After 20 years, Fred Swanson is leaving as the Executive Director of Gay City and he released this farewell letter as he steps down. It’s at a milestone moment for the organization as it leaves its home on Pike Street to move to new digs on Capitol Hill at Pine Street and Bellevue, just a few short blocks from the previous home. The non-profit organization has evolved over the years and under the leadership of Fred to become Seattle’s LGBTQ Community Center.
Fred will be missed but, he’s not leaving town; he has a new gig as the Executive Director of the the Highline Schools Foundation in Burien.
His parting letter as head of Gay City:
How does one capture twenty years in a few paragraphs? This week marks the end of my 20 year tenure as Executive Director at Gay City, a transition we announced in January and that was captured so nicely in articles in Seattle Gay Scene and Seattle Gay News. Since those articles covered a lot of Gay City’s impact over the past two decades, I thought I’d take this time to be a bit more personal.
I first fell in love with this organization in 1999 at the Gay Men’s Health Summit, where I was struck by the bold and innovative ways Gay City was organizing community. I was particularly drawn to the way Gay City was refuting the 90s narrative that gay men were all dangerous narcissists, and loved the focus on building gay men up instead of tearing us down. Having struggled with my own identity for so many years, and having internalized the rhetoric that taught gay men in the 80s and 90s that AIDS was our just punishment, I was ready for a new way to conceptualize myself and the community I was a part of.
Over time, Gay City’s focus on the resilience of queer and trans folks and making space for the complexities of queer and trans lives and identities has only deepened my love for the organization. I’m so grateful for the people who have chosen to work here, and for the hundreds of volunteers who have given so much to this organization. I’m thankful for the generosity of coworkers and colleagues, for mentors who have helped me be a better leader, and for the tremendous investment of time, thought leadership and money so many people have made during my time at Gay City. To our partners at the City and County and State who have invested in our work, and the foundations and organizations who have supported us, thank you for trusting us to make an impact. To the LGBTQ+ communities who have made us what we are, I see you and thank you. To my husband of 18+ years and our three incredible kids, your support, love and wisdom guides me. I’m so grateful for you.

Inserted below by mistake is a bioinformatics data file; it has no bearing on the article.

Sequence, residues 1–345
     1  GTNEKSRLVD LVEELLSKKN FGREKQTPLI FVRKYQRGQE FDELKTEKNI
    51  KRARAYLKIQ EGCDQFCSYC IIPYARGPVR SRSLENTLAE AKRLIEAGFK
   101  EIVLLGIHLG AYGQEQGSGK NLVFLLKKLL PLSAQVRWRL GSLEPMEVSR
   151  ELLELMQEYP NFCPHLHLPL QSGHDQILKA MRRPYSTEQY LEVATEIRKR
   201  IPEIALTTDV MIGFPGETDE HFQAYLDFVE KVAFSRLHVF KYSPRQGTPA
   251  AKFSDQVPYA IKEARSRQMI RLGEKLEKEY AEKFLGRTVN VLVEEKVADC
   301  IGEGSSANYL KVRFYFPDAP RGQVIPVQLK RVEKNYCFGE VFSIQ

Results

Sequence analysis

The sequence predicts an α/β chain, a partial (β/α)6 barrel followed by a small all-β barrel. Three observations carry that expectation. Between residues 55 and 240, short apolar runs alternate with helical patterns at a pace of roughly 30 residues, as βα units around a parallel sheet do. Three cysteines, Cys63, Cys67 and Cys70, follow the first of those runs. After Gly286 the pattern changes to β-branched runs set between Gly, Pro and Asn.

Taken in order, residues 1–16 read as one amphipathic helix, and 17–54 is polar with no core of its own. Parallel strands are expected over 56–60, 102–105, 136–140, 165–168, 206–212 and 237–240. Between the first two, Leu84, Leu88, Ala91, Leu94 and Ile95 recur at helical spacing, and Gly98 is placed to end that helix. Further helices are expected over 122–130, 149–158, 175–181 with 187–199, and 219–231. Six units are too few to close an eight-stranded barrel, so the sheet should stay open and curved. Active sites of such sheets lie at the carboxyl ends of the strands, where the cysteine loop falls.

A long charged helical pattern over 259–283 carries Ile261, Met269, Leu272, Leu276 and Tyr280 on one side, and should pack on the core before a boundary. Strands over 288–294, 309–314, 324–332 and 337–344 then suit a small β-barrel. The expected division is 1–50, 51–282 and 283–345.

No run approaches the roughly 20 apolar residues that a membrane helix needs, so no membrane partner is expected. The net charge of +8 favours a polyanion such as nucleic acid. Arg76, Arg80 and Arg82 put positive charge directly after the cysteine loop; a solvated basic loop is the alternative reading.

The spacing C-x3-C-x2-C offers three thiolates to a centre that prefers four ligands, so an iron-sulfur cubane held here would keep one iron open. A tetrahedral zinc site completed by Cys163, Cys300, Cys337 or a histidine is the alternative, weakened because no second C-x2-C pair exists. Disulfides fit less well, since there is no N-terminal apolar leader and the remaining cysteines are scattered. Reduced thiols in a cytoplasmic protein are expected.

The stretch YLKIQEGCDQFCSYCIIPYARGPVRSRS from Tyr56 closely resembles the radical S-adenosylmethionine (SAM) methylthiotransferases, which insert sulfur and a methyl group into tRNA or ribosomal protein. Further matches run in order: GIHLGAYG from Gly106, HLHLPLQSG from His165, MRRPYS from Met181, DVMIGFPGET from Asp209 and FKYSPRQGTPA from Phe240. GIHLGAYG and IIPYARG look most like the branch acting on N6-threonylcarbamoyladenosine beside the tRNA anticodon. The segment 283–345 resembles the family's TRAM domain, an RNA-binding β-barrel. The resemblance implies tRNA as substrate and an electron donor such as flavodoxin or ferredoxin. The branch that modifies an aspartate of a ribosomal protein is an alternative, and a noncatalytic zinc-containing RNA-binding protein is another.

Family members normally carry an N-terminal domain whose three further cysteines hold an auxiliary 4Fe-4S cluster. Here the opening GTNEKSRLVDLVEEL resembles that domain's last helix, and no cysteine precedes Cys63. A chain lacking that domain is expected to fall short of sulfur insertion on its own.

Along with the rest of you, I’m excited to see what’s next for Gay City as they launch a new and more expansive LGBTQ+ Center for Seattle. It’s more than I ever imagined we could become when I packed my dog in the car and drove from Chicago to Seattle in 2001 to start this journey, and it’s the culmination of so much of our work these past 20 years. From the early days of building gay men up to the current days of promoting LGBTQ+ self-determination, liberation and joy, I’m so proud of what we have accomplished together, and so grateful for this journey.
About Gay City: Seattle’s LGBTQ Center
Learn about the new LGBTQ+ Center, how to get there, and when it will be open here.
With more than 25 years of supporting and advocating for LGBTQ communities, Gay City provides a place for you to be authentically yourself. Our mission is to cultivate access and connections to promote self-determination, liberation, and joy in our communities. We center health equity and are the leading HIV/STI testing provider in King County. For more information, visit gaycity.org and @GayCity on Instagram and Facebook and @GayCitySeattle on Twitter.